Tim James: Old vines and the Old Vine Series 2009
By Tim James, 28 October 2019
To the best of my knowledge, the first Cape wine to proclaim “old vines” on its label was the Old Vines Barrel Reserve 1998, a chenin blanc from the winemaking team of Irina von Holdt and Francoise Botha, who’d brought out a pioneering chenin called Blue White in the mid 1990s. They also around this time named their venture Old Vines Wine Cellars (more recently modulated to Old Vines Cellars). Other early advocates of old vineyards included two Franschhoek producers: Eikehof, with the oldest semillon in the country, and Landau du Val, not far behind.
It was later, however, with the publicity that followed Rosa Kruger’s quest for the Cape’s old vineyards, primarily on behalf of L’Ormarins, that the idea of old vines started getting well publicised. And the release of Sadie Family’s Ouwingerderdreeks (Old Vine Series) in 2010, with wines from the previous year, made the concept much better known and brought it a prestige and significance which greatly accumulated since then. Looking back, that release of the initial six wines in the series appears as a seminal moment in the history of the Cape wine revolution.
There were only 280 boxed sets of the initial six wines in the series – the number being dictated by the shortest run – which I reported at the time as being Kokerboom, apart from the half-bottles of the sweet muscat called Eselshoek, but which Eben recalled at this tasting as being Mev Kirsten. The initial labels were designed with drawings specially made by artist William Kentridge (see here for more on that); but from the following, 2010, vintage these were dropped, mostly to allow for an easy expansion of the range, and the current design was adopted.
So the maiden Ouwingerdreeks wines are now ten years old – a significant milestone, which has been noted by, for example, some pricey sales at auction (just over R25 000 inclusive on the Strauss & Co Johannesburg auction earlier this year, and just under R20 500 at the Cape Town one) and Harald Bresselschmidt showing the depth of the Aubergine cellar by offering special dinners with all six of the wines. In 2010, the price was R3850.
Angela Lloyd last Saturday broached her own well-cellared case of the wines and invited the two people most crucially involved in their creation, Eben Sadie and Rosa Kruger, as well as a few fortunate others, to come and taste them. All were in excellent condition, showing tertiary development to some degree, but far from needing to be drunk up soon. Probably the most advanced was ‘T Voedpad from the extreme north of the Swartland, always one of my favourites of the series in youth, and gorgeous enough here, especially its waxy, fennel-hinting aromas. Ripe and richly textured, with a light grip, but to me a touch off the harmony of the others. I’ve nothing much to say about the Eselshoek, from a block of hanepoort in ‘T Voetpad’s mixed vineyard: I’ve never found it very convincing, and didn’t lament when it fell out of the range after a few years. At ten years old, this one was dry-finishing, fairly elegant and pleasant enough.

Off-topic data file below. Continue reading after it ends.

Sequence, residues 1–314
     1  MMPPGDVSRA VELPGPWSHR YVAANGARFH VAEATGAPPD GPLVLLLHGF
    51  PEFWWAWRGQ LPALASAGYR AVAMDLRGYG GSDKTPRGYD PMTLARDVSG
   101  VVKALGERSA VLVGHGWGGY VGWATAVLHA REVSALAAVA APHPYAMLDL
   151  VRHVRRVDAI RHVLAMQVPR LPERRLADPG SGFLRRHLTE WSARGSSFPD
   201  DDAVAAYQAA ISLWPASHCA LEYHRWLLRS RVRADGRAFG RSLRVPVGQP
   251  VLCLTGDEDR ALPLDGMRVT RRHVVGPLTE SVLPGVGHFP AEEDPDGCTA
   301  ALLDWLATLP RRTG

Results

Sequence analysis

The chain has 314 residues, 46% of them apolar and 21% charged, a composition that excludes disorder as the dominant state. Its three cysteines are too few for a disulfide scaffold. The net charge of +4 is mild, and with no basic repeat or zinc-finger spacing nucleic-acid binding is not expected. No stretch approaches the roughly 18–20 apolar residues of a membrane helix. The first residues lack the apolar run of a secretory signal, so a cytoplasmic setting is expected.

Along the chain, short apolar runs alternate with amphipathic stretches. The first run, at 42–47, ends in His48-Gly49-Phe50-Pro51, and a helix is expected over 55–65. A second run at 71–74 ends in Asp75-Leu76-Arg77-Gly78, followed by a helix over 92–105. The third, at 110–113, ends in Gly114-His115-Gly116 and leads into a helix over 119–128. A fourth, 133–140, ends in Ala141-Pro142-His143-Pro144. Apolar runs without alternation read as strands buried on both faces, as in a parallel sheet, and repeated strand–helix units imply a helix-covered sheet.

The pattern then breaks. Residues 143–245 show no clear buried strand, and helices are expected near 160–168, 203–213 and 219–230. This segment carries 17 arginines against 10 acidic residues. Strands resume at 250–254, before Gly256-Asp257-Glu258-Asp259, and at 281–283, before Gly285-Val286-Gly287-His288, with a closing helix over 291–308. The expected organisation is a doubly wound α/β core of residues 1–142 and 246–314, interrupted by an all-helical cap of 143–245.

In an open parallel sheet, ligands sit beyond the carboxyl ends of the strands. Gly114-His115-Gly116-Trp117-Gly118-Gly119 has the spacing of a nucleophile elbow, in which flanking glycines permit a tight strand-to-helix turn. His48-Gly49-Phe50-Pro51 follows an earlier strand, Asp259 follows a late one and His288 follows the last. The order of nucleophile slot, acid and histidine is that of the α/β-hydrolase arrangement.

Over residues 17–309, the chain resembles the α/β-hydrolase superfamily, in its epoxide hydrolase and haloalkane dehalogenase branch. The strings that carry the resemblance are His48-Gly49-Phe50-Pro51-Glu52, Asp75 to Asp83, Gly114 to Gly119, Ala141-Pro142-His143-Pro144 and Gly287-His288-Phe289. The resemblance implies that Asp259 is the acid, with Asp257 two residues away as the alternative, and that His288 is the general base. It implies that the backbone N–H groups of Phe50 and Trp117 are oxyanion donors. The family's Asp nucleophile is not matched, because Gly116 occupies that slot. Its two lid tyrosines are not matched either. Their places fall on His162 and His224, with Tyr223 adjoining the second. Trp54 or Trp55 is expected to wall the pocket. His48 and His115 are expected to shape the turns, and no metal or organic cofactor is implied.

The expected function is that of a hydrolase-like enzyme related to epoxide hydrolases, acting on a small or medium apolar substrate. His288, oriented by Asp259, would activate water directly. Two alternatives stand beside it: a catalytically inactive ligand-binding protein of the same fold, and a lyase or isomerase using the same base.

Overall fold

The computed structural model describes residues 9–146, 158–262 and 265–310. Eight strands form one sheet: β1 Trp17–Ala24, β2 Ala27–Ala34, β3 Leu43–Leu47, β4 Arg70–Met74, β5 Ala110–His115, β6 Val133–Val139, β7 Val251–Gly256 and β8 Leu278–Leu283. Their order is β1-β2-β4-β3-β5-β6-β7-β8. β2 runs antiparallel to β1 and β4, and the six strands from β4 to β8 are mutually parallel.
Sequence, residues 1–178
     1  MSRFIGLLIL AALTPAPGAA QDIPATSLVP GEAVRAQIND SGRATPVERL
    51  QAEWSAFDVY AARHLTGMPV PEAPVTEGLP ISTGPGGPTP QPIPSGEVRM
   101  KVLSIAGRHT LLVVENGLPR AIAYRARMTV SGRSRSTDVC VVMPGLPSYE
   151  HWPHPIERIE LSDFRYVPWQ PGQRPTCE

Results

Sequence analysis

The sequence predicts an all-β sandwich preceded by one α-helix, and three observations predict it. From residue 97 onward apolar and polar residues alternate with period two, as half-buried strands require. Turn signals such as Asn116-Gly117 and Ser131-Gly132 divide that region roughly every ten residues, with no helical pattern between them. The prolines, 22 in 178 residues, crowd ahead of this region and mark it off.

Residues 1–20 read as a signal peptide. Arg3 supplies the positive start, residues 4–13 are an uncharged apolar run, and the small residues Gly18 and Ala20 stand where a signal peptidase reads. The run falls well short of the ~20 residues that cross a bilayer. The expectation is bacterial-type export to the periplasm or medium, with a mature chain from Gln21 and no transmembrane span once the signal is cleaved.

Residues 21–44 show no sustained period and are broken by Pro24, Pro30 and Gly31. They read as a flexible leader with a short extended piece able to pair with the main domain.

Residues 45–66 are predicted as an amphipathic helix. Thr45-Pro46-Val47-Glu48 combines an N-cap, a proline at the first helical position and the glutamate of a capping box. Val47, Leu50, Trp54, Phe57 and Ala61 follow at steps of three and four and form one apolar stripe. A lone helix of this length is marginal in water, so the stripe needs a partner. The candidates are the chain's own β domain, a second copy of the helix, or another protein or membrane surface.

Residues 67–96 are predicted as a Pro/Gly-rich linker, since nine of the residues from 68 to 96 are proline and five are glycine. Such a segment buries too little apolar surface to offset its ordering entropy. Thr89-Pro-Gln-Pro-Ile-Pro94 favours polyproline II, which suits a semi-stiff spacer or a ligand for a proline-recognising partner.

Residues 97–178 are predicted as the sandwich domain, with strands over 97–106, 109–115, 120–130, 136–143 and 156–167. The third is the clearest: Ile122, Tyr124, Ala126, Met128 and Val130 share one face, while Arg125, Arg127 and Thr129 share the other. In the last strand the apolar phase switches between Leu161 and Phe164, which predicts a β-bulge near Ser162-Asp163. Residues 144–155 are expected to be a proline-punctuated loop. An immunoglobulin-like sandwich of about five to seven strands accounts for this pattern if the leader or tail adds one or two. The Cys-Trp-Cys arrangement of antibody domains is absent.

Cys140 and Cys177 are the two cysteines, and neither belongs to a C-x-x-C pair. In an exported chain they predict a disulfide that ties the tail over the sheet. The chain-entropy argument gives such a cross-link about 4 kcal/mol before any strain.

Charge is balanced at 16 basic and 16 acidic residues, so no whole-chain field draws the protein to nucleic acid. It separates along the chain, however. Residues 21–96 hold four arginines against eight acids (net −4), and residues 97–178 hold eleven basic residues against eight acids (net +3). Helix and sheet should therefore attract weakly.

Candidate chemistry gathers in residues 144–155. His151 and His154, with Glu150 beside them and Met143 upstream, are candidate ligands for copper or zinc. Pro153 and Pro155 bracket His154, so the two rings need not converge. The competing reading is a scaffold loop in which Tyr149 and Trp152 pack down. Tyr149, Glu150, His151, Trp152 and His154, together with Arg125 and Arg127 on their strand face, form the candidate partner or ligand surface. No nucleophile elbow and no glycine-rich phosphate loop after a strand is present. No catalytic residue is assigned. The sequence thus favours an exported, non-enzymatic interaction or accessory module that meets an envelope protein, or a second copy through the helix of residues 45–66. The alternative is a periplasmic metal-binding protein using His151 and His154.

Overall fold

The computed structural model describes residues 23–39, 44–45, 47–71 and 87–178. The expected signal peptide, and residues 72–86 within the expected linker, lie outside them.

One of the general favourites was Kokerboom, the semillon from the Skurfberg area. Certainly the most youthful in colour, it was fresh and lively, with lemony notes and a gunflint/toast element to the finish. Most of all a beautiful balance and harmony; a superb wine which should develop happily for a good few years. (How we tend to under-appreciate semillon, when all it needs is time and understanding to give us something marvellous!)
Skurfberg was the richer, more flavourful of the two chenins, though not at all flaunting its 14.8% alcohol; with a powdery texture and a flinty note. Should at least hold, and probably develop, a good few years. I was in a minority in finding Mev Kirsten, from an ancient, low-yielding Stellenbosch vineyard, the finer of the two. I relished its brighter lemony acidity and aromas of freshly ironed linen and its subtle elegance. This was the first of a more orthodox, less oxidative Mev Kirsten (“we went commercial in 2009”, Eben jokes about the change), as we were reminded by bottles of the 2006, 2007 and 2008 that Eben brought along to the tasting. (These forerunners of the Ouwingerdreeks were called Mrs Kirsten – she was made Afrikaans to fit in with all the other names.) These, particularly, are wines that will cruise (probably almost unchangingly in their case) for many years – I enjoyed their subtlety and dry austerity. Going back to the splendid 2009, one realised just how full of rich fruit it actually was by comparison.
The only red in that initial Ou Wingerdreeks line-up was Pofadder. I recently wrote about the 2010 and 2013 vintages of this wine, and like those wines this had developed very well – perhaps even better than my bottle of 2010 (which was a rather riper wine). The heady perfume of its youth had transmuted into something more valuable and complex, the obvious charm into something deeper. Finely balanced, with a good bright acidity and a bit of grippy tannin, all harmoniously and inextricably intertwined, as they should be in a serious wine moving gracefully into its second decade.
- Tim James is one of South Africa’s leading wine commentators, contributing to various local and international wine publications. He is a taster (and associate editor) for Platter’s. His book Wines of South Africa – Tradition and Revolution appeared in 2013.